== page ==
The main cause of compensated or transient primary hypothyroidism is iodine deficiency [16], however, from many years ago, this problem has been solved in Iran [17]. A previous study in Isfahan has shown that urinary iodine excretion was in the optimal range in neonates and their mothers [18]. The other causes of transient hypothyroidism are transfer of blocking antibodies or antithyroid drugs and iodine exposure [19–22]. Despite of our suggestion to gynecologists and delivery room nurses about not using povidone iodine for delivery, we are not sure about their compliance, so this may be a cause of high CH found in our area. None of the mothers of neonates with CH had a history of antithyroid drug intake but blocking antibodies were not measured, this was a limitation in our study. Other variables such as environmental, genetic, ethnic variation and familial factors are involved in increased prevalence rate of CH in some population [23, 24]. We suggested that these factors may be the cause of high CH in our community that should be evaluated within the next years. One study from Saudi Arabia performed on 147 infants with CH detected a prevalence of 21.8% athyrosis, 42.2% ectopic gland and 36% eutopic gland [25]. Another trial in Chile showed that neonates with CH had 47% ectopic, 29.1% eutopic and 24.3% athyrotic gland [26]. The result of our study was nearly similar to these studies. In our study, the high percentage of normal TS before treatment may be due to transient hypothyroidism or dyshormonogenesis. Consequently, as recommended, definite diagnosis has to be confirmed at third to fourth years of age, after the interruption of replacement therapy for at least 4 weeks [14].

When the diagnosis of CH is confirmed, some clinicians do not recommend routine thyroid imaging prior to starting levothyroxin therapy, because they believe that the imaging results would not alter their management [27]. Subtype of primary CH has shown different degrees of impairment of thyroid function [28]. There are limited data available on patterns of hormonal concentration for T4 and TSH in children with different etiologies of CH. A previous study, in which the disease severity was related to etiological category, reported that despite rapid normalization of mean T4 levels in different etiologies category of CH, the mean TSH level at screening and during the first 6 months of follow-up were consistently higher in those with athyrosis than in those with dysgenetic or dyshormonogenetic etiologies. The percentage of patients who required a dose increase in the first 6 months was significantly higher in athyrotic group than in other groups [11]. In our study, the mean TSH level was significantly higher in the athyrotic group. Accumulating data from this and other studies provide strong support for the view that the aetiology should be considered as an important determinant of severity of disease and treatment schedules in patients with CH. The follow-up schedules for CH may differ in the three aetiological categories (athyrosis, dysgenesis, dyshormonogenesis) based on the different hormonal patterns and responses to therapy [11]. Generally, CH children with most severe and prolonged disease at diagnosis have the worst outcome [29]. It is established that the outcome is better in infants with severe hypothyroidism if thyroxin replacement therapy would be started on a high dosage due to the reduced period of post-natal hypothyroidism. However, the efficacy of a high dosage for milder forms of CH is yet to be confirmed [30]. Thus, the Tc-99m TS can add useful information in the clinical evaluation of infants with CH for choosing the better treatment strategies especially in patients with athyrosis. We suggest that performing TS, as soon as possible before starting replacement therapy would be useful. Due to higher mean screening TSH levels in infants with athyrosis than in the other two groups, TS especially in CH patients with severe hormonal alteration can determine the athyrotic group for the beginning of higher dose of L-T4 as well as closer monitoring. If the thyroid gland is present in the normal position in TS, later discontinuation of treatment is more probable, but in athyrotic or ectopic patients, life-long therapy with higher dose might be needed. Therefore, TS also provide useful prognostic information for counseling with parents of CH patients and their follow-up program.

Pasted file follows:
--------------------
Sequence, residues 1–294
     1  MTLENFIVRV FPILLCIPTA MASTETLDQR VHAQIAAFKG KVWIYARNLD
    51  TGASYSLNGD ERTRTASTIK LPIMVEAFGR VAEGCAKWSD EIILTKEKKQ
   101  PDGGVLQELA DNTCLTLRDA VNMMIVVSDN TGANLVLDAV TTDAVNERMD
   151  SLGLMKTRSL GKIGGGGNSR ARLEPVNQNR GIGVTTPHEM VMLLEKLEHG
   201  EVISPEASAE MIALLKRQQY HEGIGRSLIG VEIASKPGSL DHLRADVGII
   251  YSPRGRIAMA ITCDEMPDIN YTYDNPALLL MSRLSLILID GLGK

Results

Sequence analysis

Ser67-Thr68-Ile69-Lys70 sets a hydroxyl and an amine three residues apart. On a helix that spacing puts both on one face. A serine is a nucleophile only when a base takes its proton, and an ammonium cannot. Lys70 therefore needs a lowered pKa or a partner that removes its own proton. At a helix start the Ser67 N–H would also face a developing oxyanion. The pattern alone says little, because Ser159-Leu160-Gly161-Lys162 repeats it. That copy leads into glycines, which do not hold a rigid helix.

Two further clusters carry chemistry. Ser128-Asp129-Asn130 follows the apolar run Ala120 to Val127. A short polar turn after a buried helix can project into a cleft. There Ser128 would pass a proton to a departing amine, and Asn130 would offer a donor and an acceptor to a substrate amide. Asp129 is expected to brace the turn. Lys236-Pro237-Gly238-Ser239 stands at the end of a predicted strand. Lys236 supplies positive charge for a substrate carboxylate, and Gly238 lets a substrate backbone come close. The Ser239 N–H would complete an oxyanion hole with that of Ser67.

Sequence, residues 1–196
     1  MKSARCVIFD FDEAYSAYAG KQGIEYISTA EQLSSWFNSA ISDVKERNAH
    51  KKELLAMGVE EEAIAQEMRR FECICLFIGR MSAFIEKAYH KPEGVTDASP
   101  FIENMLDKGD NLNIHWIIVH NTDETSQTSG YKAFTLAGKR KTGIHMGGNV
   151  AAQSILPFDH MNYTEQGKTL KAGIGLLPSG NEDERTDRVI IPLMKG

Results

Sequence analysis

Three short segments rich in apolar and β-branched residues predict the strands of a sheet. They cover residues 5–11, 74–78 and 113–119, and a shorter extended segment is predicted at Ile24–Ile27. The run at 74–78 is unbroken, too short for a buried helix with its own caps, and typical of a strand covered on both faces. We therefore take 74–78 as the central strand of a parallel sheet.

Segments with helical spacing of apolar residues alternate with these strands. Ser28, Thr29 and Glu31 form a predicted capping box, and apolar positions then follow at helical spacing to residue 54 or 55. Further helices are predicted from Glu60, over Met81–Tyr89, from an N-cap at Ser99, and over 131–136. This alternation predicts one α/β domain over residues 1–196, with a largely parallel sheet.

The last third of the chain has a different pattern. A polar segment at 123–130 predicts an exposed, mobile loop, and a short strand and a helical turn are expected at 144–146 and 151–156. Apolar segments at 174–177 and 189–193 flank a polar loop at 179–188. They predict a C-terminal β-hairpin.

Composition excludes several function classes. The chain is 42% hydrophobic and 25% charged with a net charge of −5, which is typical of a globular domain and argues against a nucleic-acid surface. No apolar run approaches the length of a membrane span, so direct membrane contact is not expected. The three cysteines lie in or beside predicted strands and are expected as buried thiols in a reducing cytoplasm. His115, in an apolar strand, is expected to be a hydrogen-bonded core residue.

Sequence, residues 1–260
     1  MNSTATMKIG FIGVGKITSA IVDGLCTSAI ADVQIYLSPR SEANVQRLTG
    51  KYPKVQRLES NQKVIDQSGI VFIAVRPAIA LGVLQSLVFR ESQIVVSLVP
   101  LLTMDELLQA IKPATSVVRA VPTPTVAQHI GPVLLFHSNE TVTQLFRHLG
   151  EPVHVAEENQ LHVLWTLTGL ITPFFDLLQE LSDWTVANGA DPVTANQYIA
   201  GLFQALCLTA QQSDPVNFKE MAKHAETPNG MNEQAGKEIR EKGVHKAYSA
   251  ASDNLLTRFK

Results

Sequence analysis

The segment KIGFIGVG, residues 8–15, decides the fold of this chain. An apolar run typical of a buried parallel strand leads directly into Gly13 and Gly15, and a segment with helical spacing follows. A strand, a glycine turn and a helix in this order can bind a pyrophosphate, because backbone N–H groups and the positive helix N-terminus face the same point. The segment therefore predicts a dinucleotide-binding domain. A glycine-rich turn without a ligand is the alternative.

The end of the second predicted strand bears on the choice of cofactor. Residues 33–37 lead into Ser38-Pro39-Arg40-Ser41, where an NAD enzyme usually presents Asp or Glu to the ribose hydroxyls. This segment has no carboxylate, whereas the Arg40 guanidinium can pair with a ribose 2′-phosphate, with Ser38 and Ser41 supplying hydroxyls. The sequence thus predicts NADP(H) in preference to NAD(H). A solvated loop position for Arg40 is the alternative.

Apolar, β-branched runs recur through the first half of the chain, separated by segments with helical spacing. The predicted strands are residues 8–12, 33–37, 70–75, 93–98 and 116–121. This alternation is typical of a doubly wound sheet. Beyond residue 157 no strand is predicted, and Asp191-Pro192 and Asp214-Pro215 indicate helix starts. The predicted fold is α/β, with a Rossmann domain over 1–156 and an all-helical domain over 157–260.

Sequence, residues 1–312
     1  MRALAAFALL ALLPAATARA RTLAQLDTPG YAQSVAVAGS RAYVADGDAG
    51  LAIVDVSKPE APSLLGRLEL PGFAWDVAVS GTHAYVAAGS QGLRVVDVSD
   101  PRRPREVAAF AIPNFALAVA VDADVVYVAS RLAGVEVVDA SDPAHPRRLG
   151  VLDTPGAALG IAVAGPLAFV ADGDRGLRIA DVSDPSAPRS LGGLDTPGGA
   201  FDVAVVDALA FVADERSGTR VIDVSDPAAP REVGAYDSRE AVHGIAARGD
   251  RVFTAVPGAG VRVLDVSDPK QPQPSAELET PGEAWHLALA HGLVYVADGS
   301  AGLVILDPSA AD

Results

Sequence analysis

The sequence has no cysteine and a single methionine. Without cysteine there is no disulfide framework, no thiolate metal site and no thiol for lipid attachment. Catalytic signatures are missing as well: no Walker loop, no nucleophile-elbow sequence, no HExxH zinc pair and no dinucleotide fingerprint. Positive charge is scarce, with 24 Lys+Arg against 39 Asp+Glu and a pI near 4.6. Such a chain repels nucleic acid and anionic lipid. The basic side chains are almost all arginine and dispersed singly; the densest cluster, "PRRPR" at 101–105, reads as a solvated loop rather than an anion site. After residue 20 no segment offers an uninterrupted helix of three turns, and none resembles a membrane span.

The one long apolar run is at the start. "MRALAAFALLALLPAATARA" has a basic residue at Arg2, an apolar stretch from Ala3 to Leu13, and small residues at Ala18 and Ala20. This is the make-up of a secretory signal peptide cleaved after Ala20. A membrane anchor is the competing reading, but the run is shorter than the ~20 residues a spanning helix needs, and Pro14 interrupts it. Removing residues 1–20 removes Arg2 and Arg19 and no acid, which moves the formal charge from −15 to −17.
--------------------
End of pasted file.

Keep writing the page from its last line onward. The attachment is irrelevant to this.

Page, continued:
According to the results of the present study, in infants with athyrosis, the mean TSH level was significantly higher than the normal scan group. No statistical differences were found between ectopic and athyrotic patients or ectopic and normal TS groups in the mean TSH values, but athyrotic patients when compared with ectopic and ectopic when compared with normal scan group had an increasing TSH level. However, no statistical difference was detected between the groups in the mean T4 levels, but the mean T4 values in athyrotic patients were lower than in other groups. Some studies also showed that newborns with normal TS had less hormonal alterations than those with athyrosis [11, 26, 28]. Our findings were consistent with the study of Hanukoglu et al. [11], who examined the patterns of TSH and T4 in the three groups based on their thyroid scans (athyrosis, dysgenesis and dyshormonogenesis). They reported that the mean TSH levels at screening and during the first 6 months of follow-up were consistently higher in those with athyrosis than in those with dysgenesis or dyshormonogenesis aetiologies. The athyrotic group also had lowest total T4 levels at diagnosis and at 3 months of age. They concluded that CH patients without thyroid gland (agenesia) need close monitoring and prompt treatment particularly early in life. Contrary to the findings of these studies [11, 26, 28], in our patients with athyrosis, T4 levels were not lower than in the other two groups but with a larger sample size there is a probability to find a statistical difference. Conversely, one study showed that the initial T4 levels correlated with the degree of skeletal maturation and aetiology, but initial TSH level could not predict the nature of CH [31]. Further confirming studies, with large sample size and longer period are necessary to prove definite relationship of hormonal alteration and aetiology in CH.

We found that the mean TSH level was significantly higher in those with athyrosis than in patients with ectopic and normal scans. This implies that due to the need for close monitoring and higher dose of L-T4 replacement in CH patients with athyrosis, an aetiological diagnosis is advisable before treatment. This is especially important in patients with high level of TSH with impression of athyrosis. Tc-99m TS is a useful diagnostic tool for the initial investigation of suspected CH and due to correlation of TS results with serum TSH levels, proper management and close monitoring of hypothyroid infants with severe hormonal alterations is necessary with considering probability of thyroid agenesis.

Acknowledgements

This project was funded by the Research Bureau, Isfahan University of Medical Sciences and Health Services, Isfahan, Iran.